On March 22, 1916, American psychologist Nathan Schellenberg Kline was born. Kline is best known for his work with psychopharmacologic drugs. He pioneered in the biochemical treatment of mentally ill patients by introducing the use of such drugs as the antidepressants lithium and iproniazid and the tranquilizer resperin.
Nathan Schellenberg Kline attended the New York University School of Medicine. He founded a research unit at Rockland State Hospital New York, which later became the Rockland Psychiatric Center, one of three psychiatric institutes under the New York State Office of Mental Health. Kline and his colleagues found that the usual traditional therapies for the increasing number of mentally ill patients were outdated.
Kline and his colleagues began to investigate reserpine, a derivative of Rauwolfia serpentina. In India, it was used to treat mostly physical complaints and in the United States it was used to treat high blood pressure. Kline completed extensive tests with inpatients with the result that around 70% of their schizophrenia patients were relieved from their symptoms. For this important achievement, Nathan S. Kline and his colleagues received the Lasker Award.
In his further research, Nathan S. Kline began to investigate antidepressants. Through Kline’s efforts, patients across the United States received antidepressants within a year. During the 1960s, Kline studied iproniazid, a monoamine oxidase inhibitor, in the treatment of severe depression with great success. Kline’s work in the field has been acknowledged as a major factor in opening a new era in psychiatry: psychopharmacology. Due to the increasing reputation of Nathan S. Kline and his colleagues, the Rockland Research Institute grew to more than 300 staff, attracting scientists from all over the world. Next to introducing new medicine, the institute further tested and improved the therapeutic doses of frequently used medications. Nathan S. Kline became the founder and director of the International Committee Against Mental Illness. He participated in programs to improve the medical treatment for mental illnesses in developing countries and traveled across the globe during his career to create and visit mental health clinics.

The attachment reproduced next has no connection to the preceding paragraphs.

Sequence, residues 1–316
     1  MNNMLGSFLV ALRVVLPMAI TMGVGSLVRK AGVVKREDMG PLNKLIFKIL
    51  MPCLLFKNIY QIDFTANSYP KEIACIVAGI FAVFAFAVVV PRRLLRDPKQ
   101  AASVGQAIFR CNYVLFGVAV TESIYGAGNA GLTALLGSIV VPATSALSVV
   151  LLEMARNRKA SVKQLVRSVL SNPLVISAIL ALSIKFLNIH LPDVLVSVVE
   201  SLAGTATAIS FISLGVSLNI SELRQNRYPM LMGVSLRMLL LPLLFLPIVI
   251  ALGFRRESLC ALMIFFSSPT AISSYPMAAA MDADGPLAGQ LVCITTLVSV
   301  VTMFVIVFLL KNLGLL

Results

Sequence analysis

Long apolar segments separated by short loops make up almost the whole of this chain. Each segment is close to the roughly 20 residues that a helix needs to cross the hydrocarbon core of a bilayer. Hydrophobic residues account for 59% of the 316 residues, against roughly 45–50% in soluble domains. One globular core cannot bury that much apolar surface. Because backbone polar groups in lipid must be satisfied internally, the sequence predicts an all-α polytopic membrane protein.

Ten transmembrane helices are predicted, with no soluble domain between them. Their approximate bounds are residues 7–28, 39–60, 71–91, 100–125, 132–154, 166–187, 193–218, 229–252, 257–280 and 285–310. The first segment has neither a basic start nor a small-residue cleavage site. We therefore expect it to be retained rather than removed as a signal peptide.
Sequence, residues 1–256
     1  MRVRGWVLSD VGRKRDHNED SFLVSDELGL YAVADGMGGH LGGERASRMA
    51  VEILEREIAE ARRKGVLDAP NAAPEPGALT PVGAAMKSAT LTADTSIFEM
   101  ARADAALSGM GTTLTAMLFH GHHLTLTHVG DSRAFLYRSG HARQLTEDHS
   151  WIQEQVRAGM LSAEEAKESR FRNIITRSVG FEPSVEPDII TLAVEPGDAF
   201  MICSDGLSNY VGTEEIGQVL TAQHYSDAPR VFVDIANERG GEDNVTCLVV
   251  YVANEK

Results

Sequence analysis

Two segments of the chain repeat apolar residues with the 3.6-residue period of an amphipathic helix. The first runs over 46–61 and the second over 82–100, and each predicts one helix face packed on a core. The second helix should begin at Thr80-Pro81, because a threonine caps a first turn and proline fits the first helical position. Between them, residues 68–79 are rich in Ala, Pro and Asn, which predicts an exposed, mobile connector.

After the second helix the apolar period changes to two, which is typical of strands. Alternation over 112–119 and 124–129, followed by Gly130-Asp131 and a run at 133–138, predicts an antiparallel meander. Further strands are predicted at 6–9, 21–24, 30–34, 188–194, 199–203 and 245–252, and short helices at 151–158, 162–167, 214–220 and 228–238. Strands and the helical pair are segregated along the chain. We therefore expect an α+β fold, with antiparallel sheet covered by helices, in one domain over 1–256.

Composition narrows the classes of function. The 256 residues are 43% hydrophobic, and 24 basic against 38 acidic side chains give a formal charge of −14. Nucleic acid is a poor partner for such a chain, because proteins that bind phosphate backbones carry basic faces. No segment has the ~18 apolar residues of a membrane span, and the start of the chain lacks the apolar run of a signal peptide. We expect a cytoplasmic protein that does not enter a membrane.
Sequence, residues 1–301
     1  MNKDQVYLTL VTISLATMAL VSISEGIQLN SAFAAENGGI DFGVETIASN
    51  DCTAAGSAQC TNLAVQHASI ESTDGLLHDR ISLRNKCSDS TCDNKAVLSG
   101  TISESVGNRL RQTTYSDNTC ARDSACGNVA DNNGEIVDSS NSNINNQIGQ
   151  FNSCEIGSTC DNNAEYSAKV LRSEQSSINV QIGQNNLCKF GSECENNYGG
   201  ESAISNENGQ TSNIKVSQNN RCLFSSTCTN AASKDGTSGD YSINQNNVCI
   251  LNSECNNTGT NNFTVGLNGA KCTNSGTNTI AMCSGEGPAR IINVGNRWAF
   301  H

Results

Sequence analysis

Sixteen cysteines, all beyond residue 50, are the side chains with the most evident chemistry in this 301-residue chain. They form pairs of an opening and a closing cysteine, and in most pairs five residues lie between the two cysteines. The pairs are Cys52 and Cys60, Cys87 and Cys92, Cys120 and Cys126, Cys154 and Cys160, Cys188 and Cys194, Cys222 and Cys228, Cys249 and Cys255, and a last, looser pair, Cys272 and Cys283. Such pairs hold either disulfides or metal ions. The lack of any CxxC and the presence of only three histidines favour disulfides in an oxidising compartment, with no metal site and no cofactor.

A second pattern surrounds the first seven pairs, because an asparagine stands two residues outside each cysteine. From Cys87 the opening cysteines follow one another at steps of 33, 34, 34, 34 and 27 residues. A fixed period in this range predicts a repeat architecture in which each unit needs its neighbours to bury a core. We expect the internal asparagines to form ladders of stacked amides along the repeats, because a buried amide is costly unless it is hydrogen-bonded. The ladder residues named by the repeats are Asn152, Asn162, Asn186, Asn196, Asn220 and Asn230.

It is believed that during 1960, it was Nathan S. Kline along with the scientist, inventor, and musician Manfred Clynes who coined the term cyborg. They used it in an article in Astronautics Magazine about the advantages of self-regulating human-machine systems in outer space. Kline came to believe that computers could be used in large scale epidemiological studies and streamline the administration of complex health facilities and he monitored the installation of a major computer center at Rockland, funded by the Federal government. Kline’s efforts in the field provided significant progress of computerized medical systems, further improving patient care.
Throughout his career, Nathan S. Kline wrote around 500 scientific publications, magazine and newspaper articles for the general public, as well as the book, “From Sad to Glad“.
Nathan S. Kline died on 11 February 1983 at age 76.
At yovisto academic video search you can learn more about Bethlem Hospital: The history of the legendary institution for the mentally ill in a lecture by Colin Gale at Gresham College.
References and Further Reading:
-  The Man Behind The Institute
-  Nathan S. Kline at the New York Times
-  Cyborgs and Space
-  The Open Mind – Alcoholism (1982)
-  Lindsey Gruson: Nathan Kline, developer of antidepressants, dies. The New York Times, February 14, 1983.
-  Nathan S. Kline at Wikidata